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[418] whom we should expect better things, to forget the debt of gratitude they owe these men.]

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There are among these infants not only orphans, orphans of the poor, female orphans, and orphans whose lot has been cast in dreary and desolate times; but some of these are the female orphans of deceased and disabled Confederate soldiers, privates in the rank which you embattled for your independence. You failed only by the fall of such men. They fell for you, and you fell. Are any afraid or ashamed to embrace them in the fall? Listen, whilst I repeat truths which you must not try and must not dare to forget; truths which, if you do not gratefully recognize and openly avow and maintain at all hazards, without the fear of showing sympathy, if not without some reproach; shame! shame! shame! shall so shout and hoot at shrimped, and shriveled, sordid, selfish souls as to shake them like miser's money-bags, until with appalling jars their coin-idols shall be jostled out and scattered to street-beggars and vagrants of the “Arts of Industrie” War itself appalled not the hearts of the Confederate heroes who fell; and war is now over; the cloud has burst; the lightning hath done its scathing; the thunder hath ceased to mutter; in honor's name, then, let craven cringing cease!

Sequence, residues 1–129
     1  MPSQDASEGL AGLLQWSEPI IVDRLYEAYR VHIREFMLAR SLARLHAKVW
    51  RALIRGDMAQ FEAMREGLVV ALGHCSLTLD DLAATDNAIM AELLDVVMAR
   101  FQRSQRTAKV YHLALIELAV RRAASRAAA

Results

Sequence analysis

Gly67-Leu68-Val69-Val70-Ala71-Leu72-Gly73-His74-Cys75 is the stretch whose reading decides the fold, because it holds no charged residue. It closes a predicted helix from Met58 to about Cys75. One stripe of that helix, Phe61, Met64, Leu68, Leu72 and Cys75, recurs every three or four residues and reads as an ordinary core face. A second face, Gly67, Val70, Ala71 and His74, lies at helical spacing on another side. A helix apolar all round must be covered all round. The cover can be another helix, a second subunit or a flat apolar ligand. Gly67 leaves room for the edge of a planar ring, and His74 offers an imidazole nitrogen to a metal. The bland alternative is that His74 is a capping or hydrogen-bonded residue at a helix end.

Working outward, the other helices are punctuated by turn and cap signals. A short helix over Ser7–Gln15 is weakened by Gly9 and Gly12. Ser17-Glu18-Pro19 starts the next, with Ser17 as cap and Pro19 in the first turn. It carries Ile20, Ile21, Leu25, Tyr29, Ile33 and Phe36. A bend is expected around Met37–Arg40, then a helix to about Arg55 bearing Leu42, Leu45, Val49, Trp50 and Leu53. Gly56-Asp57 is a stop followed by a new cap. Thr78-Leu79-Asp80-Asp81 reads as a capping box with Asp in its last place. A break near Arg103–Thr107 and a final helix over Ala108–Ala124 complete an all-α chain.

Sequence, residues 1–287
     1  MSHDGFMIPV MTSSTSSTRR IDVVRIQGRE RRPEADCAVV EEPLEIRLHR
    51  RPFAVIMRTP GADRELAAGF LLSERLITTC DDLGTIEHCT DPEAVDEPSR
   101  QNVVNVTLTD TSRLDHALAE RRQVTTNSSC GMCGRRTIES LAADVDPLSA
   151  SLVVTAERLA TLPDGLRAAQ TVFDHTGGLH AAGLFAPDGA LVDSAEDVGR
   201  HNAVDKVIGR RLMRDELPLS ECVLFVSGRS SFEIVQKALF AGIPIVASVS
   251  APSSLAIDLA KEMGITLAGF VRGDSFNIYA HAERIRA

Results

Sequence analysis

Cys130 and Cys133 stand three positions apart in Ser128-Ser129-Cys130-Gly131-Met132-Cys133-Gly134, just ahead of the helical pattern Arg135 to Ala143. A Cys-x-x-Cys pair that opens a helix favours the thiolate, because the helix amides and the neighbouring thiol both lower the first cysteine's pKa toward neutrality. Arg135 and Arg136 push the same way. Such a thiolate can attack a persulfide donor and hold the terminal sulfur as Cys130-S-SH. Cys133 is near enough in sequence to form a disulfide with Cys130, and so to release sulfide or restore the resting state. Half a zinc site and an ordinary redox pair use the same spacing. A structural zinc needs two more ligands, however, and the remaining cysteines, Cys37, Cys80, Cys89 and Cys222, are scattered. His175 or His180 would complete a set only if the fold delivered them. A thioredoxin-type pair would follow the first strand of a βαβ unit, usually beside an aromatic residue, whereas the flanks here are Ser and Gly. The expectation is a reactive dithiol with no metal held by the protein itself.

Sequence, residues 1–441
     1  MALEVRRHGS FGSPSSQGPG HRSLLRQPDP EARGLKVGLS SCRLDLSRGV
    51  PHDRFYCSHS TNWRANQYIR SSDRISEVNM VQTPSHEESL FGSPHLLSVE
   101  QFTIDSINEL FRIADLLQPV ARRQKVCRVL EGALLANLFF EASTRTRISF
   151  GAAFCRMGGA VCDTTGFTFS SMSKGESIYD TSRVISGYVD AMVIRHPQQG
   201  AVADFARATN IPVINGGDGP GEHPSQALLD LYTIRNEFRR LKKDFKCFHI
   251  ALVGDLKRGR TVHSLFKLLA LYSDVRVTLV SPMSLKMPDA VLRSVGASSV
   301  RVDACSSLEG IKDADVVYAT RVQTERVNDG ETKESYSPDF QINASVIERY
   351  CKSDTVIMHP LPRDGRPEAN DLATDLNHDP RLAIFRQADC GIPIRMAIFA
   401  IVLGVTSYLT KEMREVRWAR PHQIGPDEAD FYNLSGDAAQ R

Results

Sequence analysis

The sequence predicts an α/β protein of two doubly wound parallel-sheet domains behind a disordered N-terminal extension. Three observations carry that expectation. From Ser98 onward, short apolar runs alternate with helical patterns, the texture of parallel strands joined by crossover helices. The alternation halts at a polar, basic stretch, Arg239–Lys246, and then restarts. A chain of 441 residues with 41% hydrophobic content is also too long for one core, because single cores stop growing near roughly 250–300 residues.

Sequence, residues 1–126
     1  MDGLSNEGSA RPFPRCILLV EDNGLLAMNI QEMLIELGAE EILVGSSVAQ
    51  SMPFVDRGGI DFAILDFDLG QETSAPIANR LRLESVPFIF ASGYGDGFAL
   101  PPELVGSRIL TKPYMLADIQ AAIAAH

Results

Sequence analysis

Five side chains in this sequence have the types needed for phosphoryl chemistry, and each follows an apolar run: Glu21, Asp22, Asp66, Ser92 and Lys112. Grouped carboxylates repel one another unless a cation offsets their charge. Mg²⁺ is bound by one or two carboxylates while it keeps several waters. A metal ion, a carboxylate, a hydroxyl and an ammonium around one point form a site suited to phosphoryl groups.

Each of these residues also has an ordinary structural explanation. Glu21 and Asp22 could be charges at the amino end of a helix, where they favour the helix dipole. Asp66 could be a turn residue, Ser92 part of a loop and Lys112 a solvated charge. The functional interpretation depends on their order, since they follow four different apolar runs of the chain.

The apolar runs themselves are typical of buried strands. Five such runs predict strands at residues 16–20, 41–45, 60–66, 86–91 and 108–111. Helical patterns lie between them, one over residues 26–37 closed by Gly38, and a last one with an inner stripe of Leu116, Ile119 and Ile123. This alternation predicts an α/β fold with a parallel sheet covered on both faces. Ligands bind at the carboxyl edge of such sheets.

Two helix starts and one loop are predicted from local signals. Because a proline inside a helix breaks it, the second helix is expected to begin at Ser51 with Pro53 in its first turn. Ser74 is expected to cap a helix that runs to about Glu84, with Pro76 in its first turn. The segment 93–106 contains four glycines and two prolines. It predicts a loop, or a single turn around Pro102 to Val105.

The noblest bands of men who ever fought or who ever fell in the annals of war, whose glorious deeds history ever took pen to record, were, I exultingly claim, the private soldiers in the armies of the great Confederate cause. Whether right or wrong in the cause which they espoused, they were earnest and honest patriots in their convictions, who thought that they were right to defend their own, their native land, its soil, its altars, and its honor. They felt that they were no rebels, and no traitors in obeying their State sovereignties, and they thought that it was lawful to take up arms under their mandates, authorized expressly by the Federal Constitution, to repel invasion or to suppress insurrection, when there was such “imminent danger as not to admit of delay.” The only reason for the delay which could have been demanded of them was to have appealed to the invaders themselves for defense against their own invasion; and whether there was imminent danger or not, events have proved. They have been invaded until every blade of grass has been trodden down, until every sanctuary of temple, and fame, and altar, and home has been profaned. The most of these men had no stately mansions for their homes; no slaves to plow and plant any broad fields of theirs; no stocks or investments in interest bearing funds. They were poor, but proudly patriotic and

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